International Business: COMMENTARY
COMMENTARY: THE WORLD ECONOMY COULD USE A LIFT. HELLO? EUROPE?
Where in the world will decent economic growth come from this year? Scratch Europe, which until recently seemed the best bet.
With Asia in crisis and the long-running U.S. expansion apparently slowing, a European recovery was supposed to pick up the slack. But instead of participating more actively in the global economy to which its politicians pay lip service, Europe seems preoccupied with national economic issues and impending monetary union. That means Continental leaders aren't taking the active role they should be in keeping the world's economic motor running.
The Asian meltdown has made the job much harder. Economic growth on the Continent, which some forecasters had expected to approach 3.5% this year, may come in at only 2.7% or so. With unemployment rates stuck around 12%, consumers aren't touching their wallets. And the real growth laggards are the heavy hitters: Germany, France, and Italy. The British boom is also slowing. "I don't see Europe or Germany being any kind of growth engine for the world economy," says Klaus Friedrich, chief economist at Frankfurt's Dresdner Bank.
MORE TENSIONS? Yet European leaders will probably feel pressure from the U.S. and Asia at the next Group of Eight meeting of industrialized nations in May to help stimulate world growth. "Sooner or later, policymakers will realize that Europe has to do more for the world economy," predicts Thomas Mayer, a Goldman, Sachs & Co. economist in Frankfurt. "That may lead to rising tensions between the U.S., Asia, and Europe."
What needs to be done is clear. Germany, France, and Italy must pare bloated governments, cut taxes, and reform labor laws to put people back to work. Reforms like these have led to faster growth in smaller nations, such as the Netherlands and Ireland. But the big economies have yet to follow.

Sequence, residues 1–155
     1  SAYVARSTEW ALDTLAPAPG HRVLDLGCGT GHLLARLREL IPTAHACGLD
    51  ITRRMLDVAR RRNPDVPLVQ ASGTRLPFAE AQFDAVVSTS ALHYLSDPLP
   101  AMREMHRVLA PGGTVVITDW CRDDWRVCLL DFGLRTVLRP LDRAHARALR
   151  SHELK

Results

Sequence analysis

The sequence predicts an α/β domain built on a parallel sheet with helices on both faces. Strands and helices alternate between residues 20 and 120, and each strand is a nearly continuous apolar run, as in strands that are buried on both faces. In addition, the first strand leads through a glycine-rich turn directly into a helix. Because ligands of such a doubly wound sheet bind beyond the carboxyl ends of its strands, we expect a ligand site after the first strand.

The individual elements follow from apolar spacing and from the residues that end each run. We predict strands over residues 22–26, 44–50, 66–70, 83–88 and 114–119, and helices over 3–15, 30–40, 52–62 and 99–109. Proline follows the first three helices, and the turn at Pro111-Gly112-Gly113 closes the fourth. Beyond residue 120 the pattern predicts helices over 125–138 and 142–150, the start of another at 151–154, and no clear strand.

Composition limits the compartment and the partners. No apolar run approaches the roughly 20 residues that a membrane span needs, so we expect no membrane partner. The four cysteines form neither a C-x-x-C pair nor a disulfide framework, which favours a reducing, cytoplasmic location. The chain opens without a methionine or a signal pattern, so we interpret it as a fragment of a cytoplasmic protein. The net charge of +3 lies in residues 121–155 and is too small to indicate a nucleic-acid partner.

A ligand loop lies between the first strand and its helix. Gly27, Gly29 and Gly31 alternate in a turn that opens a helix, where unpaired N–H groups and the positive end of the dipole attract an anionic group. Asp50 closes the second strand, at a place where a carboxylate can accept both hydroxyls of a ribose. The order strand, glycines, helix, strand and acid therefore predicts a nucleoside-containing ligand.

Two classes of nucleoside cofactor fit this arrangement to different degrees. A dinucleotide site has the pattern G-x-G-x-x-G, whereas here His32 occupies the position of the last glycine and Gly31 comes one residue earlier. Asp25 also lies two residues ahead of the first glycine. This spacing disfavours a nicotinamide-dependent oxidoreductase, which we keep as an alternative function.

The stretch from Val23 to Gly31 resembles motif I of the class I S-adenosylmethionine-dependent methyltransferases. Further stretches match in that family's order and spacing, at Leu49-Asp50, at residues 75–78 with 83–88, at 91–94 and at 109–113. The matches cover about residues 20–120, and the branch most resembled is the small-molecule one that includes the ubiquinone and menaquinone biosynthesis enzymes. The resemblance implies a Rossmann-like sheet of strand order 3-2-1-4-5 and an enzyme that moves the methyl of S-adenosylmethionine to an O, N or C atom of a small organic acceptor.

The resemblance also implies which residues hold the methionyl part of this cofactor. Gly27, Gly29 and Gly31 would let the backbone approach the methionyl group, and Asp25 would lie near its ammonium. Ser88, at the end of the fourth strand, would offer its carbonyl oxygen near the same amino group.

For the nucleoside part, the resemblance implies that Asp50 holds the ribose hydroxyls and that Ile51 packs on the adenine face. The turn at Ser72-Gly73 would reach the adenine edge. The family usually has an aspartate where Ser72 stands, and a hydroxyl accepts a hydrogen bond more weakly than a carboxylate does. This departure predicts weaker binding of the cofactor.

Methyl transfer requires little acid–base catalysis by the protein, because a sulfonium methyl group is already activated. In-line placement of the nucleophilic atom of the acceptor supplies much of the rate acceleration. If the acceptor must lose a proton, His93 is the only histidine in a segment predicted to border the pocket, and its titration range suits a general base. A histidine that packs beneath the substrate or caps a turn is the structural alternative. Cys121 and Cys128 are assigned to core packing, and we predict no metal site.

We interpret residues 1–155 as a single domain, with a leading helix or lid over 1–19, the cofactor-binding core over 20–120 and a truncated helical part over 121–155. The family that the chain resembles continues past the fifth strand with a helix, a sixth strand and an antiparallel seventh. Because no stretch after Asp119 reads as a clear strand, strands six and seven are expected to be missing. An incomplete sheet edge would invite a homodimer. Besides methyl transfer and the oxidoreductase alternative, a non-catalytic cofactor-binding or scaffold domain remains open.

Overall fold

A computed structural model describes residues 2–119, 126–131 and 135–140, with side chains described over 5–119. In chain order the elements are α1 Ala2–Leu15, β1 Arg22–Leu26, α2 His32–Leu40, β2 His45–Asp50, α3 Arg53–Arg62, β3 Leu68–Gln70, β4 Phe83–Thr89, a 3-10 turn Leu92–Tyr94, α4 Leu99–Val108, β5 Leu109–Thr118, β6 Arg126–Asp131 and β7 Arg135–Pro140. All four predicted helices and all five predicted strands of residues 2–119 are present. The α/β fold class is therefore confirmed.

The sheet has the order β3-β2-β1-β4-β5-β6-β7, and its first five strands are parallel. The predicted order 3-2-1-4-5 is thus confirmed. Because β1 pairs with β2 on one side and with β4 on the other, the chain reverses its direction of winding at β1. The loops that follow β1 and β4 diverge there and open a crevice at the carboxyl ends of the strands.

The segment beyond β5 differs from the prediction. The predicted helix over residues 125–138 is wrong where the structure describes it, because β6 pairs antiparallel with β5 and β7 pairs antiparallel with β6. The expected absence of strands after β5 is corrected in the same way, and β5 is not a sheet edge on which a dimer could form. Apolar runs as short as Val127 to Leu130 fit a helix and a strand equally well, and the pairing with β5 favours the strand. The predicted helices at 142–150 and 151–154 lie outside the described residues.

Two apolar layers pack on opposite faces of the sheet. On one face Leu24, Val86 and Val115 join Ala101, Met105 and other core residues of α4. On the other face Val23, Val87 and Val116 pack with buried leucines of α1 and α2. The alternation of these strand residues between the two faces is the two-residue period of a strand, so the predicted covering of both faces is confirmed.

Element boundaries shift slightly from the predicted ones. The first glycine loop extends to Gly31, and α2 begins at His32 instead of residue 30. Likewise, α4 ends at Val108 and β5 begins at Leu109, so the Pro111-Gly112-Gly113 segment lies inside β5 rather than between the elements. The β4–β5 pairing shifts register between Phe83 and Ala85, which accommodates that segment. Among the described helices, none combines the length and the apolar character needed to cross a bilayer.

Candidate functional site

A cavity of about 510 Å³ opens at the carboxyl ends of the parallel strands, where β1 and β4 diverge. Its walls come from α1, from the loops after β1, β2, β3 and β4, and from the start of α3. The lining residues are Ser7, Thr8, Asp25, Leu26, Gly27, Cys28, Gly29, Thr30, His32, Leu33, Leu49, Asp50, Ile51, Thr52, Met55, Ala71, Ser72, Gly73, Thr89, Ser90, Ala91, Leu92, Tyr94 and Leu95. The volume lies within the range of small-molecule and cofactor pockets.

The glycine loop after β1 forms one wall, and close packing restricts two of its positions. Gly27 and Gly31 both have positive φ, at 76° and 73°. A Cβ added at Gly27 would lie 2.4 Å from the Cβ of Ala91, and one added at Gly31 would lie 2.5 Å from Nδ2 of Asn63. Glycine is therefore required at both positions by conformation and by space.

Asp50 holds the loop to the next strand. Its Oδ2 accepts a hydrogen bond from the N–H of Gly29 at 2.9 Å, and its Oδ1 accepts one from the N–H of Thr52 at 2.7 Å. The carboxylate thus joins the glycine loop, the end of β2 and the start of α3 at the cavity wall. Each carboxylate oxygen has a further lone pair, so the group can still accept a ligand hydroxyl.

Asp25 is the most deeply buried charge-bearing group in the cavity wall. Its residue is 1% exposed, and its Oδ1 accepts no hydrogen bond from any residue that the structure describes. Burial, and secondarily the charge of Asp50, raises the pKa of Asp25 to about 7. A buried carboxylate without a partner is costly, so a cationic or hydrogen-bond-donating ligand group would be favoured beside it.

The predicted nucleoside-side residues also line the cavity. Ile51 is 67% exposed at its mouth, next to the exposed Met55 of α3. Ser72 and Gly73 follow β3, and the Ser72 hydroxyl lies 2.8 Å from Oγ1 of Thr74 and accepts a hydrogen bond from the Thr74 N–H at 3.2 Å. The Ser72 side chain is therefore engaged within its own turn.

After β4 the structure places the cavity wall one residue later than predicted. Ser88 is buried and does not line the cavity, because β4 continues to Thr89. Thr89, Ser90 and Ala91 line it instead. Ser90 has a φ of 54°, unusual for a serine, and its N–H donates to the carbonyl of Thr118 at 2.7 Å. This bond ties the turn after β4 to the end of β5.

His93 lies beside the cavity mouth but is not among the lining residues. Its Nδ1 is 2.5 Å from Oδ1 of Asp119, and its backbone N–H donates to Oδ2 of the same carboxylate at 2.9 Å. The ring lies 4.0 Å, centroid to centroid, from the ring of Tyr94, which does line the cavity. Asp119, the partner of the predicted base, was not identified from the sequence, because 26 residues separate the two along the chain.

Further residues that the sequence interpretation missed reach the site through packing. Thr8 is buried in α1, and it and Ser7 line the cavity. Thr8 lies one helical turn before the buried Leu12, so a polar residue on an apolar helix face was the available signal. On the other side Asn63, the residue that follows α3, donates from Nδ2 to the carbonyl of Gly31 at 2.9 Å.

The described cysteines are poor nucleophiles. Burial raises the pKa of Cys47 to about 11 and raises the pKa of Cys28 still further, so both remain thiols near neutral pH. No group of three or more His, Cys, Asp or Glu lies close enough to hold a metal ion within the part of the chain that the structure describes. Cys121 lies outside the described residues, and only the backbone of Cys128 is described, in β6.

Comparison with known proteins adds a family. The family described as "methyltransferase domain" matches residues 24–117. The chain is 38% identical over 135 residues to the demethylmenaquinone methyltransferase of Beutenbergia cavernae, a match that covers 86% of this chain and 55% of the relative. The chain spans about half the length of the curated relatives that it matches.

Ironically, Europe's leaders are congratulating themselves that monetary union will be the medicine that makes the Continent more dynamic and competitive. But in the short term, the move to a single currency severely limits Europe's economic maneuvering room. Committed to keeping budget deficits at 3% of gross domestic product, governments can't cut taxes or raise public spending to boost demand unless they simultaneously make painful cutbacks in their payrolls. Politicians are loath to take such action, which in the past has provoked a harsh backlash--from today's riots in France to the left-wing political revolt that toppled the Italian government last year.
And initially, EMU could check growth in France and Germany. After European governments decide in May which countries will get into the new union, interest rates in the member nations are supposed to converge so monetary policy can be coordinated until a new European Central Bank takes over in January. But convergence means that short-term rates in Germany and France will have to rise from the current 3.3%, potentially cutting into already sluggish recoveries. And in Spain and Italy, they'll have to fall from around 4.8% and 5.8%, respectively, potentially overstimulating those economies. Some Japanese commentators are even saying that Europe should put off EMU until the world economy is healthier.
BIG WHACK. Europe also may be far too complacent about its vulnerability to the Asian crisis. Goldman Sachs figures European corporate profits will jump by only 11% this year, vs. 24% in 1997. But that projection may understate the whack to earnings that banks with heavy exposure to Asian loans will take. The Bank for International Settlements says that Germany, France, Britain, and Belgium have $81.6 billion in bank loans outstanding to troubled Asian nations. Corporate executives, meanwhile, worry about a flood of cheap Asian imports. "We'd have to decide whether or not to match their prices to protect our market share," frets Peter B. Blackford, European sales director at Goodyear Tire & Rubber Co.
A logical move for Germany, France, and Italy might be to start slashing their governments and making other reforms. But with EMU looming, that's not likely this year. The most probable scenario is that Europe--which had a $100 billion current-account surplus with the rest of the world last year--will continue to count heavily on exports for growth. As will Asia. The jackpot question: Who's going to do the buying?By Thane Peterson